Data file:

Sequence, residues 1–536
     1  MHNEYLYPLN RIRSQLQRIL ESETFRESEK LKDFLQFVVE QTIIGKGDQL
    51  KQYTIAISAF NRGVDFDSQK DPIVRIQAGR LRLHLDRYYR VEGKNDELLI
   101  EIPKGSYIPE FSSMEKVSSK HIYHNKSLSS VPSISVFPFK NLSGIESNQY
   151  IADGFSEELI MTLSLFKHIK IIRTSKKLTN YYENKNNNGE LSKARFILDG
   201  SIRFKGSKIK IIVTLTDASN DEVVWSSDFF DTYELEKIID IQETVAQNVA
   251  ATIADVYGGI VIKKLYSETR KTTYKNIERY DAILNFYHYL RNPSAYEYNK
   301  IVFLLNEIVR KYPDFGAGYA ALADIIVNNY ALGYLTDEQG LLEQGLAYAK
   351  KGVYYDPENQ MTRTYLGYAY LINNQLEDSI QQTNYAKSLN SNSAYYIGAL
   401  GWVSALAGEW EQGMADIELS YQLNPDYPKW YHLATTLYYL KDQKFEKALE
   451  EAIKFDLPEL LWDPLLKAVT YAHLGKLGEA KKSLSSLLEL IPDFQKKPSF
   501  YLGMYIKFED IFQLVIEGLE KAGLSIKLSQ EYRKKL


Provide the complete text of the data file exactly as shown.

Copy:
Sequence, residues 1–536
     1  MHNEYLYPLN RIRSQLQRIL ESETFRESEK LKDFLQFVVE QTIIGKGDQL
    51  KQYTIAISAF NRGVDFDSQK DPIVRIQAGR LRLHLDRYYR VEGKNDELLI
   101  EIPKGSYIPE FSSMEKVSSK HIYHNKSLSS VPSISVFPFK NLSGIESNQY
   151  IADGFSEELI MTLSLFKHIK IIRTSKKLTN YYENKNNNGE LSKARFILDG
   201  SIRFKGSKIK IIVTLTDASN DEVVWSSDFF DTYELEKIID IQETVAQNVA
   251  ATIADVYGGI VIKKLYSETR KTTYKNIERY DAILNFYHYL RNPSAYEYNK
   301  IVFLLNEIVR KYPDFGAGYA ALADIIVNNY ALGYLTDEQG LLEQGLAYAK
   351  KGVYYDPENQ MTRTYLGYAY LINNQLEDSI QQTNYAKSLN SNSAYYIGAL
   401  GWVSALAGEW EQGMADIELS YQLNPDYPKW YHLATTLYYL KDQKFEKALE
   451  EAIKFDLPEL LWDPLLKAVT YAHLGKLGEA KKSLSSLLEL IPDFQKKPSF
   501  YLGMYIKFED IFQLVIEGLE KAGLSIKLSQ EYRKKL